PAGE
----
Wednesday evening, Needham upgraded shares to Hold from Sell. No one has changed their mind about the shares, however: Needham has a new primary analyst covering
Rajvindra Gill had covered Tesla stock for Needham, since 2018, according to Bloomberg. He covers mainly technology companies such as
(NVDA). Gill was no Tesla bull: he essentially had a Sell rating the entire duration of his coverage.
Now coverage has moved to Vikram Bagri. He covers electric vehicles, EV charging, and solar technology. Bagri, for instance, rates
(CHPT) stocks at Buy.
Bagri rates Tesla stock at Hold without a price target. A Hold rating is a lukewarm rating that can generally mean the analyst expects a stock to perform in line with the market or its peers.
The upgrade from Sell doesn’t change the Buy-rating ratio. Today, about 55% of analysts covering Tesla rate shares at Buy. The average Buy-rating ratio for stocks in the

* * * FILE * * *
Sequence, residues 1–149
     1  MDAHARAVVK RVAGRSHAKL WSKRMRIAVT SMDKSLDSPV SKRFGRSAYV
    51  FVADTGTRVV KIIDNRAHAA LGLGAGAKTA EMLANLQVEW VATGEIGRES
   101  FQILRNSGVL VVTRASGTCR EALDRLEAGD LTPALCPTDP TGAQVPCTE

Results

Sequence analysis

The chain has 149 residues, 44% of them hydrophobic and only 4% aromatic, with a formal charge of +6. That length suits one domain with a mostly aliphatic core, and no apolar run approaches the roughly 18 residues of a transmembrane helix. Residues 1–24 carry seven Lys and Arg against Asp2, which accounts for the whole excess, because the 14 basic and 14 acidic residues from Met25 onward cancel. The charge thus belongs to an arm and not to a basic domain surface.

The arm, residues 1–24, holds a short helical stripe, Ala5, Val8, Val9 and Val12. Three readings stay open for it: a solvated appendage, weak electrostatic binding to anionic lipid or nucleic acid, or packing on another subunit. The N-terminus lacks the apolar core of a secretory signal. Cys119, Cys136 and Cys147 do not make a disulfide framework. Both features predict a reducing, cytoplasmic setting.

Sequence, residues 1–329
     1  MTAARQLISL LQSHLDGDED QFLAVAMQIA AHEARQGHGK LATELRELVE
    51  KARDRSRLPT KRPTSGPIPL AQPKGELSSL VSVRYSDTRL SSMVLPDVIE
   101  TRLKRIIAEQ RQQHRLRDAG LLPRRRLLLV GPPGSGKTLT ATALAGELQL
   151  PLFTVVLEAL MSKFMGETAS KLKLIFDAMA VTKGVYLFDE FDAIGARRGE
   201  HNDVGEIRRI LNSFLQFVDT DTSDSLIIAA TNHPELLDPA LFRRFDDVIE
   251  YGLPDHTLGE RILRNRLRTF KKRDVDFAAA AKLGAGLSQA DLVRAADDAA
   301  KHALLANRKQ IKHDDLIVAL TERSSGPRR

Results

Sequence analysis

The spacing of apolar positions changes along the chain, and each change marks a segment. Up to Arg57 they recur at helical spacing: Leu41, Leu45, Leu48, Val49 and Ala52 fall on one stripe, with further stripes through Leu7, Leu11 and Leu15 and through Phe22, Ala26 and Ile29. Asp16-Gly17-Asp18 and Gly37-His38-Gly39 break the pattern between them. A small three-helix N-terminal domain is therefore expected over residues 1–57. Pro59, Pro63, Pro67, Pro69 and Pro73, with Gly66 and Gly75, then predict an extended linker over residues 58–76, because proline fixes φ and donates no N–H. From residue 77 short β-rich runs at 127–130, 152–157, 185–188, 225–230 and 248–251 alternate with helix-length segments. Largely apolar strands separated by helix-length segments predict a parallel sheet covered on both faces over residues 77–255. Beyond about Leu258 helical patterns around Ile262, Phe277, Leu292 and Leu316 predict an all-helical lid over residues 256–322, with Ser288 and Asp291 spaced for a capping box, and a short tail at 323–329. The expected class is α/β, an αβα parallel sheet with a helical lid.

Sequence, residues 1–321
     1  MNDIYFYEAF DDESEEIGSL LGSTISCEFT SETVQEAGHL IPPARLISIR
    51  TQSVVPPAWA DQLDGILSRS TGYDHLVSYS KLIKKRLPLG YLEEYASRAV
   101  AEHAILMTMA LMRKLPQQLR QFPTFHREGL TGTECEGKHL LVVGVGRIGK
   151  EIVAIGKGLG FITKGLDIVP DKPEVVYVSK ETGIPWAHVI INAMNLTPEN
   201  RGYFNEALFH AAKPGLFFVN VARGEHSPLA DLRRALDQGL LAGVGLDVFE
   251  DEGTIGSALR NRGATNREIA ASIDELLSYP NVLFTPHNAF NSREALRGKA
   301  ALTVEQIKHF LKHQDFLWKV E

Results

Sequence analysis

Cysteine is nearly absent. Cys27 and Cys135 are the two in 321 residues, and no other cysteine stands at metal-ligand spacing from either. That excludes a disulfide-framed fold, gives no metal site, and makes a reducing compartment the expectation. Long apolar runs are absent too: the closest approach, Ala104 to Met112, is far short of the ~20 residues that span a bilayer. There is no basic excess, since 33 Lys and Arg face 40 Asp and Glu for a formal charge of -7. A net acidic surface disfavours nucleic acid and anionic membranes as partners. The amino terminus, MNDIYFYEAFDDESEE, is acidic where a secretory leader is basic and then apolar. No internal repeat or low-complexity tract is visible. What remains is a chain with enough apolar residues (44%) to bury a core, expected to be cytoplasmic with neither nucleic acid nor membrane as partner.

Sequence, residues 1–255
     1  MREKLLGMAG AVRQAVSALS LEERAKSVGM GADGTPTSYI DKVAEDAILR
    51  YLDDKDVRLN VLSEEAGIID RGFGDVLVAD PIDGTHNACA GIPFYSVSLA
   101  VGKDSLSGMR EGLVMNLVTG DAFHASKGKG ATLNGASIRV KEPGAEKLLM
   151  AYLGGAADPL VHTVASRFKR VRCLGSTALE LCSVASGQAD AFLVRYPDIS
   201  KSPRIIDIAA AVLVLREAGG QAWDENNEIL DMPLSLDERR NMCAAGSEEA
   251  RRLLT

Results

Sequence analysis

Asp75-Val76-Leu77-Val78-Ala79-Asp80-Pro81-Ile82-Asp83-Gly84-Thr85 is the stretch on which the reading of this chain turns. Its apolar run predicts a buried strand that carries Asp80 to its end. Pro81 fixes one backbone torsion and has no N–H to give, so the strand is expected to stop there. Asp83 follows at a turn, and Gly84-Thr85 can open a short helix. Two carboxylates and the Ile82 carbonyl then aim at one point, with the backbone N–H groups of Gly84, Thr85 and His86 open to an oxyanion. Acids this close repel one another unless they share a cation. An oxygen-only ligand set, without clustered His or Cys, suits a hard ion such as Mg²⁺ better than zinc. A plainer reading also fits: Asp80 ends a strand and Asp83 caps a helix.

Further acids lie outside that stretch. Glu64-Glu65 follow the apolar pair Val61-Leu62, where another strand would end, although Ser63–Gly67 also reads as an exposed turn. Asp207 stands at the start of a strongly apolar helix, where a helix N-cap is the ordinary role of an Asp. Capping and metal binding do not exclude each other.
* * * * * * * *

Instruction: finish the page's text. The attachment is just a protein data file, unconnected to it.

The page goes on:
is about 58%.
Losing a Sell rating can matter, though. About 20% of Tesla analysts rate shares at Sell. That’s a lot. The average Sell-rating ratio for stocks in the S&P 500 is about 6%.
The high Sell-rating ratio shows that Tesla stock is still relatively controversial on the Street. Price targets range from roughly $80 at the bottom, down about 70% from recent levels, to $500 at the top, up about 70% from recent levels.
The $420 spread is about 140% of Tesla’s current stock price. That ratio is almost double a similar spread calculation for
Despite losing the bear, Tesla stock isn’t getting much of a boost from the ratings change. Shares are up 1% in Thursday morning trading. The S&P 500 is down about 0.4%, while the
Dow Jones Industrial Average
Coming into Thursday trading, Tesla stock is down about 14% year to date.
Tesla traders will be watching what happens closely to shares the remainder of 2022. Tesla stock has only ended a full year in the red once. That was an 11% decline in 2016. Shares have gained in the other 10 years Tesla has been a publicly traded company.
Write to Al Root at [email protected]